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Supporters of the Equal Rights Amendment have filed a federal lawsuit in Massachusetts aimed at clearing a legal path for adoption of the long-delayed constitutional amendment.
Backers say they're wading into the debate over the amendment — which dates to the early 1970s — because Virginia is poised to become the decisive 38th state to approve the measure.
Amendments are added to the U.S. Constitution if they are approved by three-quarters of state legislatures. The anticipated approval of the amendment by Virginia would put the ERA over that threshold.
But the process is likely to hit some snags. One of the biggest is a measure passed by Congress in 1972, attaching a 1979 ratification deadline to it. That was later extended to 1982.
The lawsuit filed Tuesday in U.S. District Court in Boston argues, in part, that the deadline imposed by Congress was not included in the text of the three-sentence amendment — and therefore not constitutionally binding. The original legislation that sent the proposed amendment to states for ratification did refer to a seven year deadline, but supporters of the ERA say all that matters is the language of the amendment itself, which makes no mention of a deadline.
The group also points to the case of the Constitution's 27th Amendment, which was written by James Madison in 1789 to bar Congress from voting itself instant pay raises. That amendment was not adopted until 203 years later — far longer than the adoption process for the ERA.
The ERA states that "equality of rights under the law shall not be denied or abridged by the United States or by any state on account of sex."
Despite the legal hurdles, advocates of the amendment in Virginia are already planning to celebrate its passage — made possible after Democrats seized control of the state Legislature in November.
But efforts are underway to block its ultimate adoption as the Constitution's 28th Amendment, including a lawsuit filed in federal court in mid-December by Alabama, Louisiana and South Dakota. Conservative activists have depicted the ERA as a threat to their stances on abortion and transgender rights.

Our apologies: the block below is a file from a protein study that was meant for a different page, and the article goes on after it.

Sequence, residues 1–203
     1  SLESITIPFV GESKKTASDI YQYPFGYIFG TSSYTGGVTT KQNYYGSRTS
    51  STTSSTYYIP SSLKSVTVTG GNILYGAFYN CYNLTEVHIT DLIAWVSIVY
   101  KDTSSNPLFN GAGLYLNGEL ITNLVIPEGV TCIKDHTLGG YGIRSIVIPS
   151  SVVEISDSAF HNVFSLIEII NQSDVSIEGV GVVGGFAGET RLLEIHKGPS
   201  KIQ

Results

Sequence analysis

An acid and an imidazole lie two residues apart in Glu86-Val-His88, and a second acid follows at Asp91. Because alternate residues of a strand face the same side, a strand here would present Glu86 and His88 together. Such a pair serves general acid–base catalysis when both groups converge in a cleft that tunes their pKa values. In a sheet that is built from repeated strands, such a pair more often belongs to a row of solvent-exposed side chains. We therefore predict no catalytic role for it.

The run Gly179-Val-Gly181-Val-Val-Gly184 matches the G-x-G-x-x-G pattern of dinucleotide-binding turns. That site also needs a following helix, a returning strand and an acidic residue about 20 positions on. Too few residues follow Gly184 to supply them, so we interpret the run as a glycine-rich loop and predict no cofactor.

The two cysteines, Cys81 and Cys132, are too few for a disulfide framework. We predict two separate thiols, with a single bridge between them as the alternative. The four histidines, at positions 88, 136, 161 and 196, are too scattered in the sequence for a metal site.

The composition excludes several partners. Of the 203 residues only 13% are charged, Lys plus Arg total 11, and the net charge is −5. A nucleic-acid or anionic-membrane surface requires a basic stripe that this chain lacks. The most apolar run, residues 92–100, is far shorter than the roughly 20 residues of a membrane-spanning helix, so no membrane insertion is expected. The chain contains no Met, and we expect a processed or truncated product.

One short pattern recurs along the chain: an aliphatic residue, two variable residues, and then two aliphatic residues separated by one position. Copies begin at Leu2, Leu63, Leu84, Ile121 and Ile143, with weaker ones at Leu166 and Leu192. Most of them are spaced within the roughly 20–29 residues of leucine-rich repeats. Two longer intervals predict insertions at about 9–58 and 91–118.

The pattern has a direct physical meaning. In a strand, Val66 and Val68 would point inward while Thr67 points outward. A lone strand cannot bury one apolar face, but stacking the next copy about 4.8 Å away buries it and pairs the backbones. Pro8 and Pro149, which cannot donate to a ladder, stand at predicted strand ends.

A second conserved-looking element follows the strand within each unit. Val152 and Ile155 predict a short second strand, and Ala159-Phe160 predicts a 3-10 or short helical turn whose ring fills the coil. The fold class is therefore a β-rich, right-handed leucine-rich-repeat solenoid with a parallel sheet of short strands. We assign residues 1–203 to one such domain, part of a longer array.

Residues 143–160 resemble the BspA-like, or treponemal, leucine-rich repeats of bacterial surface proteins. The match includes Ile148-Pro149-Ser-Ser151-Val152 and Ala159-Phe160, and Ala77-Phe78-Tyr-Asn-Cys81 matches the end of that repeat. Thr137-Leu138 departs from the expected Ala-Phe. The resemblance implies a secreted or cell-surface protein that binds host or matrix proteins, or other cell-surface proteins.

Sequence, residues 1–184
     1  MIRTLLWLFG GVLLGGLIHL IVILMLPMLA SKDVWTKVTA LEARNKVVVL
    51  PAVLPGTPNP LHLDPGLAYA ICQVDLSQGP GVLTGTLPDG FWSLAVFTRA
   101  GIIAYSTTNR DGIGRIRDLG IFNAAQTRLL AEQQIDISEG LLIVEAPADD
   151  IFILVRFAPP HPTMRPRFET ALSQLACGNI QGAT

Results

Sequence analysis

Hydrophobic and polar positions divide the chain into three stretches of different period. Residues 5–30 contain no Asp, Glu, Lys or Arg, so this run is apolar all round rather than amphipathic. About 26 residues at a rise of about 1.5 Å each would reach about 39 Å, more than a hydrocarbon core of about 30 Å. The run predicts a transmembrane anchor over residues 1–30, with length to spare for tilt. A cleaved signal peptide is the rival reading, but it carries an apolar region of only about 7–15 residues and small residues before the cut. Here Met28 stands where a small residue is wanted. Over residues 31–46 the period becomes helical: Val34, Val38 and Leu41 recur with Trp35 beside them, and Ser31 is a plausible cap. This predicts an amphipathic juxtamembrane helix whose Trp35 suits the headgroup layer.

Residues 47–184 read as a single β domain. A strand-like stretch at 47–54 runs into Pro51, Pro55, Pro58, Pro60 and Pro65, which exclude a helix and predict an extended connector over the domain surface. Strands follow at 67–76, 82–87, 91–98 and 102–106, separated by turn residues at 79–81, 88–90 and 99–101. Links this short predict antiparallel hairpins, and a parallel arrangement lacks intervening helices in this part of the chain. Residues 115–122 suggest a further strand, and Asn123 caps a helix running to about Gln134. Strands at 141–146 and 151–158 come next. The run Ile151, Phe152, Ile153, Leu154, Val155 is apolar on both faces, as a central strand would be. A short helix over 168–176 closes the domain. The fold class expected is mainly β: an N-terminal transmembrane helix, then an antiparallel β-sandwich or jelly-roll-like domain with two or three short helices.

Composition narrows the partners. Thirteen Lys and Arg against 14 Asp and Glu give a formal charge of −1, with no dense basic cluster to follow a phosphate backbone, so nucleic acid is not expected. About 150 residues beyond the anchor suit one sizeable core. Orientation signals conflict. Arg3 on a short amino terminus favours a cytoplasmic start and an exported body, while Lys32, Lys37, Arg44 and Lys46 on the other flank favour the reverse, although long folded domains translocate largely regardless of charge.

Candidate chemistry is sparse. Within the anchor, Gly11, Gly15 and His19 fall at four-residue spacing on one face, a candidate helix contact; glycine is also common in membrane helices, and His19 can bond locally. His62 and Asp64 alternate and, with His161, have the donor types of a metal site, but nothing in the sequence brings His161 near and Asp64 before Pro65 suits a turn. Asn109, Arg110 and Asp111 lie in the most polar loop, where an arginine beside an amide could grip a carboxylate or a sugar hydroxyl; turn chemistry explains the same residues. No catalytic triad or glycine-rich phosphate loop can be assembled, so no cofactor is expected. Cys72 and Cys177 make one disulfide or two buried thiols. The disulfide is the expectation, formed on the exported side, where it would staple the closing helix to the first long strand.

Lawsuits could also be waged over attempts by five states to rescind their initial support for the amendment.
"This lawsuit was filed today to make sure that no roadblocks are put in place to prevent women's equality from becoming part of the United States Constitution," said Wendy Murphy, a lawyer for Equal Means Equal, one of the groups that filed the lawsuit in Massachusetts.
Murphy said the groups were compelled to file the lawsuit in response to the one filed by Alabama, Louisiana and South Dakota.
"Now that we are on the verge of winning the final state needed to ensure women's equality it is shocking and deeply disturbing that attorneys general in three states" are trying to block the amendment, she added.
Anti-abortion activists worry that the ERA, if ratified, would be used by abortion-rights supporters to quash restrictions on grounds they specifically discriminate against women.
Some ERA opponents are also worried that the amendment would be used to ensure nationwide protections for transgender women seeking to use women-only restrooms and locker rooms.
Supporters say both concerns are unfounded.
Massachusetts was among the first batch of states to approve the Equal Rights Amendment in the early 1970s.
After voting to ratify the amendment, Virginia is expected to submit copies of the state's resolution to the U.S. archivist David S. Ferriero to be recorded — something opponents are trying to block.
Ferriero released a statement last month saying the National Archives and Records Administration is requesting guidance from the Department of Justice on ratification of the ERA. Ferriero pointed to issues raised in the lawsuit filed by Alabama, Louisiana, and South Dakota.
"NARA does not intend to take any action regarding the ERA until, at a minimum, it receives the guidance it previously requested and in no event before February 15, 2020," the statement said.
Both lawsuits name Ferriero as the defendant.
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